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How to Spot a Crypto Scam

Published on: Jan 25, 2024
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In Brief

Learn to identify and protect against crypto scams with Trust Wallet's guide. Discover types of phishing attacks and safety tips to secure your digital assets.

How to Spot a Crypto Scam

At Trust Wallet, we take a proactive approach to security that keeps your assets safe – but security often goes beyond the Trust Wallet app itself. In fact, security threats come in many forms including phishing attacks.

So in this guide, we’ll go through what phishing attacks are, how scammers use them to steal information and crypto, and how to protect yourself.

Before we start: Get proactive security alerts from Trust Wallet

Educating our community is one of the best ways to combat online scammers and hackers. That’s why we provide content like this guide to help keep you one step ahead of malicious actors.

Additionally, you can get proactive security alerts inside of Trust Wallet that alerts you of risky transactions and malicious dApps.

These security alerts are designed to help you keep your digital assets safe, so install the most updated version of Trust Wallet to ensure you receive them. Get the latest version of Trust Wallet to enjoy a safer Web3 experience.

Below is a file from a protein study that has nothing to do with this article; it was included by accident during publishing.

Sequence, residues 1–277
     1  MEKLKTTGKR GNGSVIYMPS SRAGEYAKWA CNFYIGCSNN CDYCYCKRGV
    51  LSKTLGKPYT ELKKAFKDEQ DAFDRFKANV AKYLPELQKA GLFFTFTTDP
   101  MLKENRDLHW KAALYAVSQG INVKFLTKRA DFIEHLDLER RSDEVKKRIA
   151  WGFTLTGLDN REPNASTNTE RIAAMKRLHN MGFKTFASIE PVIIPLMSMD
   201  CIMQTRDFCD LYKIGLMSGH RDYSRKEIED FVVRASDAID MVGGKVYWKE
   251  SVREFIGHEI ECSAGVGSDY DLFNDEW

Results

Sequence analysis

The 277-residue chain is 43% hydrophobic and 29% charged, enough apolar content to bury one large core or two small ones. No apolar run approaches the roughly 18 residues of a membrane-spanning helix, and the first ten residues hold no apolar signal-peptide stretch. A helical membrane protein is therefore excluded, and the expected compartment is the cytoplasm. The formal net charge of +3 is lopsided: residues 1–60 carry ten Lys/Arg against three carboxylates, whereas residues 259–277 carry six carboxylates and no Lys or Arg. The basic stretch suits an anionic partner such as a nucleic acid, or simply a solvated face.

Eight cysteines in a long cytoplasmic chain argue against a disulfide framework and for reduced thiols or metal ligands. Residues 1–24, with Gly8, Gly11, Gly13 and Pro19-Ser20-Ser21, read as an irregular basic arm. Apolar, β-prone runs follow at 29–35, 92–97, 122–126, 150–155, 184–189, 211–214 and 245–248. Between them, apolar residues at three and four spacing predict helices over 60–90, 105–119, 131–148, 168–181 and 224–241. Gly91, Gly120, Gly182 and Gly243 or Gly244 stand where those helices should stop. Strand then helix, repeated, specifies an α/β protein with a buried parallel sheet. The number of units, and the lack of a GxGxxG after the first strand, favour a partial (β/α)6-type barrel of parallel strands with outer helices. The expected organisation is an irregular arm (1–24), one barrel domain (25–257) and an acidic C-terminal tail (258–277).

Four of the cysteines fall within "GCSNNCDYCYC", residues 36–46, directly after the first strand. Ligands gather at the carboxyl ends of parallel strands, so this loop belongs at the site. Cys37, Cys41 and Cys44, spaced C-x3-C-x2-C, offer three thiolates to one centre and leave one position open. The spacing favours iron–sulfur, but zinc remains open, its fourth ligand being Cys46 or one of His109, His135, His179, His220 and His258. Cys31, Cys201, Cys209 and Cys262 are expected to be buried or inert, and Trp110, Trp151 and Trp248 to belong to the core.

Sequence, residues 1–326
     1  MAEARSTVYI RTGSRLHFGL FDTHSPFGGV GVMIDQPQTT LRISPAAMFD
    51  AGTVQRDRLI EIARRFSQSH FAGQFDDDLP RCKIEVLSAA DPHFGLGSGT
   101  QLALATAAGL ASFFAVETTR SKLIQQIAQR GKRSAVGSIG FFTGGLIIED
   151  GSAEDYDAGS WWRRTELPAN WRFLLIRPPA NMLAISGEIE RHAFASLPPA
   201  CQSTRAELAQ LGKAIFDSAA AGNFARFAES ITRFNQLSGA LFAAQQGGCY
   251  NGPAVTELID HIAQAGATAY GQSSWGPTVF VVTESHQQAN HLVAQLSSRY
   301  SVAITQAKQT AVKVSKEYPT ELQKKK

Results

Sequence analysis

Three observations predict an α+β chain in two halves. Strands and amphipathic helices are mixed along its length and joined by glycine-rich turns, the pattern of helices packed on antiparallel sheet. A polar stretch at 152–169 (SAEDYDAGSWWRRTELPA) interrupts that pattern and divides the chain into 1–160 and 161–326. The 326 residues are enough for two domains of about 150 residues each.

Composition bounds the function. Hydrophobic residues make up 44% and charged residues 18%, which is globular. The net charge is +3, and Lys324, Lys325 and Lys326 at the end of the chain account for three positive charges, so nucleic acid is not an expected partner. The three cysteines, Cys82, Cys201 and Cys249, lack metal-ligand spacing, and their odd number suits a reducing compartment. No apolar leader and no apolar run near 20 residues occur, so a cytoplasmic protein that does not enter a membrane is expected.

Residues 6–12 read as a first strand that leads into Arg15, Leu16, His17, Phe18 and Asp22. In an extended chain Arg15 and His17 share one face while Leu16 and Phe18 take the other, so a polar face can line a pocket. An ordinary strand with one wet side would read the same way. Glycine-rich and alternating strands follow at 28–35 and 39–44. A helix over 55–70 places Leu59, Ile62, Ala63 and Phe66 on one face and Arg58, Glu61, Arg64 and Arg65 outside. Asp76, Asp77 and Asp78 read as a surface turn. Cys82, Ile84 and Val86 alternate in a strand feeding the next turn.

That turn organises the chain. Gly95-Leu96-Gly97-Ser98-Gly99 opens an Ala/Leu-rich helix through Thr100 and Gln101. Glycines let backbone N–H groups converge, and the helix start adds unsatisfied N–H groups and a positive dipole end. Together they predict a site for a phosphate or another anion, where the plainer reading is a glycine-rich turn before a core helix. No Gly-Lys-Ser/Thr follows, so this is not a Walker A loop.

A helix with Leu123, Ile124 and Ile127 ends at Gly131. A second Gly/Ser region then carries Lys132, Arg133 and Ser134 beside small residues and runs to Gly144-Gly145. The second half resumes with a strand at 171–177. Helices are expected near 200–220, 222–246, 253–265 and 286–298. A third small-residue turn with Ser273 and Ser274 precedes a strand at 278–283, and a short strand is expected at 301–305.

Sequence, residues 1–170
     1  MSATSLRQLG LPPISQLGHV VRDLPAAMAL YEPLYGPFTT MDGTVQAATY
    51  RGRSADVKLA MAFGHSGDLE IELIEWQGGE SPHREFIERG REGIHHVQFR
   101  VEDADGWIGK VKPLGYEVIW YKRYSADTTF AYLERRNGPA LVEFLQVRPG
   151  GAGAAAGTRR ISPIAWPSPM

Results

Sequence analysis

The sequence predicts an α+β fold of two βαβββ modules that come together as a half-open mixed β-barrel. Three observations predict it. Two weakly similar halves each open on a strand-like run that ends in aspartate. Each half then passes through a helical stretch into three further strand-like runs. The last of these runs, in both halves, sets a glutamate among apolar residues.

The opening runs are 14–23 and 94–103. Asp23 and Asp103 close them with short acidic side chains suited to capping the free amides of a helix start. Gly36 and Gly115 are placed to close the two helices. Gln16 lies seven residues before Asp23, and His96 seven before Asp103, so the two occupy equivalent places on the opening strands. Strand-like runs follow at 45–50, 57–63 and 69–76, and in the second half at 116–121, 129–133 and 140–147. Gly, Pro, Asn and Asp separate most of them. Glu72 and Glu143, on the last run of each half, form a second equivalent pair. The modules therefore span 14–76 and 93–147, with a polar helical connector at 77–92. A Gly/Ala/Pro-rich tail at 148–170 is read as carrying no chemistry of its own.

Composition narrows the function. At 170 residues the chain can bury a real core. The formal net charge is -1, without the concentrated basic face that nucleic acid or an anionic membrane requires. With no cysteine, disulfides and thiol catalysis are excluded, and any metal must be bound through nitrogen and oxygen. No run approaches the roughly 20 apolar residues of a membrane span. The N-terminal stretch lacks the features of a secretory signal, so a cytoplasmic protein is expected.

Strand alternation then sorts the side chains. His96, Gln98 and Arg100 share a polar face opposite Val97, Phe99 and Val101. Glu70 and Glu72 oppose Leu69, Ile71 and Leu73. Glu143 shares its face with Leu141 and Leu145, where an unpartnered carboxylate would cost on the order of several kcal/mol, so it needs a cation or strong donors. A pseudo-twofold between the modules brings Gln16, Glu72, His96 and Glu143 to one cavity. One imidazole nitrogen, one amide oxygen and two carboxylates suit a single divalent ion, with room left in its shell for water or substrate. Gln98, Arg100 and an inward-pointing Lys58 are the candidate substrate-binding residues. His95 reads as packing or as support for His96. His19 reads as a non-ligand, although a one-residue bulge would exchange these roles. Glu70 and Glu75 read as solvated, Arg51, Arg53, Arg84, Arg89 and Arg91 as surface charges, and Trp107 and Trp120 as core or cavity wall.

What is a phishing attack?

A phishing attack is when online hackers and scammers try to steal your personal information by pretending to be a trusted person or entity. These malicious actors use fake emails, websites, social media posts and much more to convince you they are real – and their goal is to gain unauthorized access to your personal information and crypto.

Phishing attacks come in many forms including:

Let’s have a look at these phishing attack examples, including how to spot a fake, and how to protect your information and your crypto.

Fraudulent emails

Phishing emails are one of the most common ways scammers try to steal your information and crypto. They can be difficult to detect as they often look really authentic, but we’ll outline some simple ways to spot them using the example below.

Note: When in doubt, DO NOT click on any links, and reach out to our support team using this form 81 if you suspect you’ve received a phishing email.


What to look out for:

How to stay safe:

Airdrop Scams

Airdrop scams are another popular method used by scammers to trick unsuspecting people into giving away their personal information and crypto. Airdrops are typically events where a project distributes free tokens or coins to the crypto community as a way of promoting their project or increasing their user base. Scammers exploit this concept by creating fake airdrops that ask users to provide their private information or deposit tokens in order to receive the “free” airdrop.